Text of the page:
and plasma cytokines type Th1-(IFN-γ, TNF-α),

Th0-(IL-2), Th2-(IL-13), Th17-(IL-1β, IL-6), and IL-10, respectively (Table 8). Patients’ age was correlated with gene expression levels of IL-2, IL-10, IL-12A, TGFB2, and GATA3 relative gene expressions, respectively (Table 8). Moreover, in SLE patients, C4-complement levels were correlated to CCR6 (lymphocyte trafficking) and STAT4 gene expressions levels, respectively, which were correlated to one another (Table 8). In mice, CCR6 was recently identified by Wei et al. [36] among the STAT4-occupied genes. Lastly, lymphocytes numbers negatively correlated with TNFSF10 (TRAIL) gene expression (Table 8).

4. Discussion

In this study, we observed that AKT1 and MAPK1 gene expressions were upregulated in SLE patients with mild or inactive disease and correlate with gene expressions levels of Th17-(RORC), Treg-(TGFB2), and Th2-(IL-5)-related genes, respectively. Additionally, AKT1 gene expression also correlates with MAPK1 expression in SLE patients. PI3 K/AKT and MAPK pathways are regulated by extensive crosstalk at different levels [9, 37]. AKT effect on the generation and function of Treg and Th17 cells is not well understood. Wan et al. [38] reported that RORC was necessary, but not sufficient, for IL-17 production by human memory T cells, and they proposed that RORC synergized

with common γ chain-cytokines mediated PI3 K and AKT

signaling to transactivate IL-17 expression. Recently, Kure-bayashi et al. [39] demonstrated in mice that the suppression of PI3 K-AKT-mammalian target of Rapamycin complex (mTORC)-1 axis impaired Th17 differentiation in vitro and in vivo in S6 kinases 1 and 2-dependent fashion. In mice, Sauer et al. [40] documented that T cell receptor

(TCR) signaling via PI3Kp110α, p110δ, AKT, and mTOR

controls FOXP3 expression in activated CD4+ thymocytes

and peripheral T cells. PI3 K-AKT axis has also been reported

augments clonal expansion of Th1 and Th2 cells [41,42].


Table 5: Spearman’s rank correlations obtained between cytokines gene expressions in PBMCs and cytokines plasma levels in SLE patients.


SLE (n=13) Plasma cytokines

IL-1β IL-2 IL-6 IL-10 IL-12(p70) IFN-γ TNF-α

IL-1B r 0.6082 P 0.0274 IL-6 r 0.6110 0.7427 0.7204 0.8253 0.6877 0.7856 0.8970 P 0.0265 0.0036 0.0055 0.0005 0.0094 0.0015 <0.0001 IL-10 r 0.6101 P 0.0268 Gene Gene

IL-2 IL-6 IL-10 IL-12A IFN-γ TGFB2

IL-2 r 1 0.6538 0.6319 0.9106 0.7868 P 0.0153 0.0205 <0.0001 0.0014 IL-6 r 1 0.7582 0.7180 P 0.0027 0.0057 IL-10 r 1 0.7813 0.6190 P 0.0016 0.0241 IL-12A r 1 0.6905 0.7796 P 0.0090 0.0017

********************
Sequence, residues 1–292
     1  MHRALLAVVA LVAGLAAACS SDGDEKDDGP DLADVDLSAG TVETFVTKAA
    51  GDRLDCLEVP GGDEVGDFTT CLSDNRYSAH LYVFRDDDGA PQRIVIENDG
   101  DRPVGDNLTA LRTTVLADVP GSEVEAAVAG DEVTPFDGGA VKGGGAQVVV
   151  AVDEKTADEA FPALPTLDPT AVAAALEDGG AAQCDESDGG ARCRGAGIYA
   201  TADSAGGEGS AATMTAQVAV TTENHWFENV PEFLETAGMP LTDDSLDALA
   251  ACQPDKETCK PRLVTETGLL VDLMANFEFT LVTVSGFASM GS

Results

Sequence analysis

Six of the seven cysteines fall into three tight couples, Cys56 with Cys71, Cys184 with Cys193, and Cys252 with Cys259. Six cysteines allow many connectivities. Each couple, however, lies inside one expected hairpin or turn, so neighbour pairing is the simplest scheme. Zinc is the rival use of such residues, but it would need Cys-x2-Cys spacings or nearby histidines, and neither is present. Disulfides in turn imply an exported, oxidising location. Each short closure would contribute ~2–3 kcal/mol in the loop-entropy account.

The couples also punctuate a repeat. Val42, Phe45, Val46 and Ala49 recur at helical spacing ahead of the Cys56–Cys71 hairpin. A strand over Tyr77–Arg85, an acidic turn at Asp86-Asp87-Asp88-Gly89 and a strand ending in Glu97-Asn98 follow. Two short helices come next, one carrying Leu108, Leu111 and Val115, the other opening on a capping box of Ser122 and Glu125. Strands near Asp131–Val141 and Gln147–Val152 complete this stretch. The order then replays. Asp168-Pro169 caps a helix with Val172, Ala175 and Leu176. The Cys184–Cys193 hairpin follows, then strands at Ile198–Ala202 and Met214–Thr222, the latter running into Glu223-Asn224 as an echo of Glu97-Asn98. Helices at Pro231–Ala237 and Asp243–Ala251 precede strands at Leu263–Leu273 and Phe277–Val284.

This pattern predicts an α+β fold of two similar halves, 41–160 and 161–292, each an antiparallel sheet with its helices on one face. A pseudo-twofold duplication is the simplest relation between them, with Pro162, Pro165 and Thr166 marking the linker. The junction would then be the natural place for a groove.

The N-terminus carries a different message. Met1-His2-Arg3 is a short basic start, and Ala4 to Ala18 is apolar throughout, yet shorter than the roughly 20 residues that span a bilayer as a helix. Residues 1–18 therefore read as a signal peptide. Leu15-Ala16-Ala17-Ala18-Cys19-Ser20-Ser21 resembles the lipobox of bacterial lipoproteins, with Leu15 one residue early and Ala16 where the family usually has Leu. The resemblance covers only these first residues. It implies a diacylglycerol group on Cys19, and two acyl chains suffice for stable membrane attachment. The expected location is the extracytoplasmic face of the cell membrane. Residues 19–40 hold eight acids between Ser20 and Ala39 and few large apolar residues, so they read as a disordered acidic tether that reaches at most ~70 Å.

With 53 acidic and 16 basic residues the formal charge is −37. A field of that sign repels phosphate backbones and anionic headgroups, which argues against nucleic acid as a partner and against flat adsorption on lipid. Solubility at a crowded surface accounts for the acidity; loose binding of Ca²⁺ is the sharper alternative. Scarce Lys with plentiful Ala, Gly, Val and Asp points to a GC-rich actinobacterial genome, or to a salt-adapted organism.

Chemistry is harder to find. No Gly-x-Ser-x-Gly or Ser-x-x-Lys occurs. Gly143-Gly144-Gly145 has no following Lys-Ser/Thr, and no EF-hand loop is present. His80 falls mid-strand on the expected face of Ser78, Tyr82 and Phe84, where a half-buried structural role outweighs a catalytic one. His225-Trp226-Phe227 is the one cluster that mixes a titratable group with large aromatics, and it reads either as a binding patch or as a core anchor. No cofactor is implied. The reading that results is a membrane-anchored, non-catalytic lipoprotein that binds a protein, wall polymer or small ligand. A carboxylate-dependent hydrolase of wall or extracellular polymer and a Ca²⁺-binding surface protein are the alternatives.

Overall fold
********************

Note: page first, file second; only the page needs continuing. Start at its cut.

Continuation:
Significant Spearman’s rank correlations coefficients are indicated. Significance levels set at P values<0.05.

growth and survival of CD4+ [8]; and a direct role of AKT in CD8+ T cells has been reported, regulating whether their differentiation leads them to either memory or effector fate [10]. In SLE patients, Suarez-Fueyo et al. [43] reported that PI3 K pathway activation paralleled activated/memory T cell accumulation. Our results show in SLE patients that AKT1 expression positively correlates with TNFSF10 (TRAIL) expression, and TRAIL expression negatively correlates with lymphocytes numbers. MAPK/ERK and PI3 K/AKT signal-ing pathways are activated by TRAIL [44]. Up-regulation of TRAIL mRNA expression in PBMC from active SLE patients was reported [45]. TRAIL-induced apoptosis by binding to death receptors but also can enhance T cell proliferation after TCR engagement via transducing a costimulation signal [46]. Our results show that MAPK1 gene expression also correlates with gene expression levels of Th1-(IL-12A, T-bet), Th2-(GATA3), and IL-10 genes. MAPK/ERK signaling pathways integrate cytoplasmic signals to produce changes in transcription associated with differentiation, proliferation, and survival in multiple stages of T cell development [47– 49]. The results show a clear increase of IL-10 relative gene expression in SLE PBMC, although IL-10 plasma levels are not significantly augmented. Meta-analysis of microarray data indicated that one of the biological pathways consistently enhanced in SLE patients was the IL-10 signaling

[50]. IL-10 has been identified as one of the risk loci for SLE in a recent genome-wide association study [51]. Despite that no correlation of IL-10 gene expression with SLEDAI was observed, IL-10 expression positively correlates with plasma TNF-α (Table 8), and with expression levels of Th0-(IL-2), Th1-(IL-12A, T-bet), Th2-(GATA3), Treg-(TGFB2, FOXP3), pro-inflammatory IL-6, and Th17-(RORC)-cytokine related genes, respectively. IL-10 is a key cytokine regulating immune responses, and the absence results in spontaneous inflammatory disorders as well as exacerbated inflammation in T cell responses during host defense or autoimmune

inflammation (see reviews [52, 53]). IL-10 is expressed

by cells of the adaptive immune system (Th1, Th2, Treg cells, and regulatory B cells (Bregs) and by cells of the innate immune system (DCs, macrophages, mast cells, NK,

eosinophils, and neutrophils) [54, 55]. IL-10 provides a

highly regulated feedback loop to avoid the extremes of excessive inflammation or chronic infections and also allow a protective response to pathogens [54]. In mice, Saraiva et al. [56] reported that development of IL-10-producing Th1 cells required high TCR ligation, sustained ERK1 and ERK2 MAPKs phosphorylation, and IL-12-induced STAT4 activation, indicating that ERK1 and ERK2 activation was a common pathway required for the production of IL-10 by Th1, Th2, and Th17 cell subsets. Regulation of IL-10


Table 6: Spearman’s rank correlations found between MAPK1, AKT1, and Th-transcription factors gene expressions in SLE patients.

SLE (n=13)

Gene AKT1 T-bet STAT4 GATA3 RORC FOXP3 MAPK1 r 0.9188 0.5659 0.5609 0.6154 P <0.0001 0.0438 0.0463 0.0252 AKT1 r 1 0.6300 P 0.0210 T-bet r 1 0.7912 0.9231 0.8958 0.9066 P 0.0013 <0.0001 <0.0001 0.0004 STAT4 r 1 0.7308 0.7253 0.5659 P 0.0045 0.005 0.0438 GATA3 r 1 0.9066 0.9066 P <0.0001 <0.0001 RORC r 1 0.7802 P 0.0017

Significant Spearman’s rank correlations coefficients are indicated. Significance levels set at P values<0.05.